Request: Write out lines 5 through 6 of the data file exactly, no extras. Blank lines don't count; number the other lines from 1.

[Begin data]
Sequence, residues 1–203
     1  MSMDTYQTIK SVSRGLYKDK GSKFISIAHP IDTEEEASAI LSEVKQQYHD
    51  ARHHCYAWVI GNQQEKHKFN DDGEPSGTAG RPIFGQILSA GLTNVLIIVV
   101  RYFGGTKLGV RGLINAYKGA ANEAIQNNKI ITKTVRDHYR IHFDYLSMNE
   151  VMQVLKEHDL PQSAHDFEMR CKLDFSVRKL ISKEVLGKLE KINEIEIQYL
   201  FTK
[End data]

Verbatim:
   151  VMQVLKEHDL PQSAHDFEMR CKLDFSVRKL ISKEVLGKLE KINEIEIQYL
   201  FTK